When you have a child with a non-verbal learning disorder, you may be at a loss as to how to manage the behaviors or consequences encountered on a regular basis. Whether your child is being shunned at school or disruptive in class, these situations can take a toll on everyone. On a cognitive level, you may understand why your child is doing what they do, but there’s more to it than that. The good news is that there are ways to shift your perspective so you can do what’s best for your kid.
Engage with Social Cues
Your child may not intuitively understand social cues, though this doesn’t mean they can’t be guided to explore and recognize them. Role-playing, watching others, or simply asking questions can help them engage with the various subtleties of social cues, and how to best respond to each situation. Your child likely has strong verbal skills, so encourage them to talk out the problem during these sessions. If you hire a professional to work with your child, it’s crucial for you to observe and reinforce what they’ve learned.
Stick with It
NLVD tends to become more pronounced as the child gets older, which can feel as though nothing can be done. However, just because you’re seeing the natural progression of the condition, doesn’t mean your efforts aren’t working. Don’t be discouraged if your child becomes frustrated or seems to get worse. It is possible to help them hone specific skills if you’re prepared to go the distance.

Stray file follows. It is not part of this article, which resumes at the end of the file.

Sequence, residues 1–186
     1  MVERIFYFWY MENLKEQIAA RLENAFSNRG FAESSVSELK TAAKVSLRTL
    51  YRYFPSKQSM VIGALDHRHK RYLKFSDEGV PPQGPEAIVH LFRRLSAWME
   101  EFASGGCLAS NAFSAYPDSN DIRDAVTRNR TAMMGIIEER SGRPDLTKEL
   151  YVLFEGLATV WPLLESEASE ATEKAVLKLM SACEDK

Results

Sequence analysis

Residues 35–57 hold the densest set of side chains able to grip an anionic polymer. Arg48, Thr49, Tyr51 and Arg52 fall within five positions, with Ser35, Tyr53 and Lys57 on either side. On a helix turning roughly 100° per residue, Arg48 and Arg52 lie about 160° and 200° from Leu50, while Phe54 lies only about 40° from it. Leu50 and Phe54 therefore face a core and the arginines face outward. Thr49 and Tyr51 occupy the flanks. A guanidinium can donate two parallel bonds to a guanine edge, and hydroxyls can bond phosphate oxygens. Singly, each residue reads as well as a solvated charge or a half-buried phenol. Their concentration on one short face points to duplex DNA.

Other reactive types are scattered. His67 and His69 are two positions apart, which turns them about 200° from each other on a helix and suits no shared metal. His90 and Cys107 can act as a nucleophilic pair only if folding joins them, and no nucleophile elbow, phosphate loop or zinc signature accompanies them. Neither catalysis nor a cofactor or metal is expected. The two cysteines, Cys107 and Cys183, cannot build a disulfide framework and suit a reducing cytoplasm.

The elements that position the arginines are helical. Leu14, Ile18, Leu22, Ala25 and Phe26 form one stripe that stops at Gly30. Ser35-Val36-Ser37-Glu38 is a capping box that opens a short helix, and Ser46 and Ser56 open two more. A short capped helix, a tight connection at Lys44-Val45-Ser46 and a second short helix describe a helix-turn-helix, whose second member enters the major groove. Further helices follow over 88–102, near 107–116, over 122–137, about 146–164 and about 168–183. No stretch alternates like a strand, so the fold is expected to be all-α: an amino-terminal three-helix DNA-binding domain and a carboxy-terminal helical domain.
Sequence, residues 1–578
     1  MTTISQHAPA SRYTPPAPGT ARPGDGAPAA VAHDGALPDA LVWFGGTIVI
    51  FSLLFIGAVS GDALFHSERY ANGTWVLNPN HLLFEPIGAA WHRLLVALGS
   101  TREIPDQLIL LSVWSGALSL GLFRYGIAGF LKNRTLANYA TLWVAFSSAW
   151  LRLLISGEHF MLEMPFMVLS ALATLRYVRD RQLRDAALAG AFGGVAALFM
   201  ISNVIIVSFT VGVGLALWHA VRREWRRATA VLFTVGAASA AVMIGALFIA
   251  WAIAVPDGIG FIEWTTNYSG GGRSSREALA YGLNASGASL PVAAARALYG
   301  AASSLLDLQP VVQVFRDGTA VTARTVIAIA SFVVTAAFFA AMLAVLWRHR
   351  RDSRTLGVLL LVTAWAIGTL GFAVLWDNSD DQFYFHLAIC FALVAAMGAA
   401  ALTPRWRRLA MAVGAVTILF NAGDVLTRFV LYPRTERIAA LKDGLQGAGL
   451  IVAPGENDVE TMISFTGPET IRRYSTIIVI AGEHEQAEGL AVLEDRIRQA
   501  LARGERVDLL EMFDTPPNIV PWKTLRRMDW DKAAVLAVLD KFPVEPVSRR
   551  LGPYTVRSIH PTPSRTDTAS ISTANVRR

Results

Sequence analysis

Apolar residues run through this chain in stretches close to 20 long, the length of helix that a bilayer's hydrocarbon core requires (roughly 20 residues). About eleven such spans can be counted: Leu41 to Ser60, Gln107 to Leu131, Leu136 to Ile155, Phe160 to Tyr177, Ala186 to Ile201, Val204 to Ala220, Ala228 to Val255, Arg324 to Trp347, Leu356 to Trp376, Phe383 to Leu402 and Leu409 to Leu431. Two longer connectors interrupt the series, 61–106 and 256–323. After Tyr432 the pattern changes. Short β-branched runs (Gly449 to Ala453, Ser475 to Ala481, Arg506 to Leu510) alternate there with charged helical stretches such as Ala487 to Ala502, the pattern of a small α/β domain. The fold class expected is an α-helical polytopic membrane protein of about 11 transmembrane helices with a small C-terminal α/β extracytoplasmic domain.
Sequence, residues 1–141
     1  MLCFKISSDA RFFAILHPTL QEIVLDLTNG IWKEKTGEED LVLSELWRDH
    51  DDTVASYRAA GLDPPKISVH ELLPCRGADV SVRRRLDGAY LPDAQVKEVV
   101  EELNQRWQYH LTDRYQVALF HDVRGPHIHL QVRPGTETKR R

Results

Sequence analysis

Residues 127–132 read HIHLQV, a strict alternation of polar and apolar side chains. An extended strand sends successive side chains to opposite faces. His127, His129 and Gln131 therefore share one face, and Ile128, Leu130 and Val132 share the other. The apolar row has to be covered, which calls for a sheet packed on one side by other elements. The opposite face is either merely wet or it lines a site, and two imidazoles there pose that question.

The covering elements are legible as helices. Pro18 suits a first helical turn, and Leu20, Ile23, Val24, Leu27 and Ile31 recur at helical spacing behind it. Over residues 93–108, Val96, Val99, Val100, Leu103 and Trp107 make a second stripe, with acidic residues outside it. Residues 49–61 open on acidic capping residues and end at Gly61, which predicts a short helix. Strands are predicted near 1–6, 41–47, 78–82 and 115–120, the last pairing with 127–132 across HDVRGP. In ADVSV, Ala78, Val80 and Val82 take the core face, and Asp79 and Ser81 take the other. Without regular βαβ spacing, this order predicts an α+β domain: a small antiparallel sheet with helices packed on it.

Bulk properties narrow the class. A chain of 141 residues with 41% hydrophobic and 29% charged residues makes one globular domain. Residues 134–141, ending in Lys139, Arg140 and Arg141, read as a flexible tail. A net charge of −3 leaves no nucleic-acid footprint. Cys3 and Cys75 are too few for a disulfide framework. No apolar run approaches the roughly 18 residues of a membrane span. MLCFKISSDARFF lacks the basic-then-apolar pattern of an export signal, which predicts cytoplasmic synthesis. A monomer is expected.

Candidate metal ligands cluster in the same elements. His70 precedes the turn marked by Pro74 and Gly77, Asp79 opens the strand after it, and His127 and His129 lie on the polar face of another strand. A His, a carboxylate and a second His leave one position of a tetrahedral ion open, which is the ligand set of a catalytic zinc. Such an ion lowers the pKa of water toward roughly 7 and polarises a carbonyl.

No one has a crystal-clear understanding of non-verbal Learning disorder, since it is still relatively new in the medical field. Thus, it’s essential to keep abreast of all new research and treatment approaches to have a better understanding of what’s going on in your child’s mind. Parents who take the time to do the research will feel more prepared when it comes to relating to their child. This is also a great way to find and connect with other parents to build a supportive community.
Each child with NLVD will display different symptoms, and the difference between each child’s behaviors may be tremendous. Although sharing stories isn’t the same as doing serious research, it may offer more insight as to how your child’s NLVD manifests in the real world. You’re also likely to get honest answers about different types of non-verbal learning disorder treatment. For instance, if other parents are trying different types of occupational therapy (OT), you can learn more about how certain tactics help each child target specific deficits and set more manageable goals.
Non-Verbal Learning Disorder Treatment
Any parent who is concerned about their child’s NLVD is already starting in the right place. Once you understand more about your child’s exact struggles, a treatment plan can be shaped in such a way that makes sense. If a child is having difficulty forming friendships or controlling their fine motor skills, there are therapy techniques that can improve their emotional and physical capabilities. To learn more, contact us today.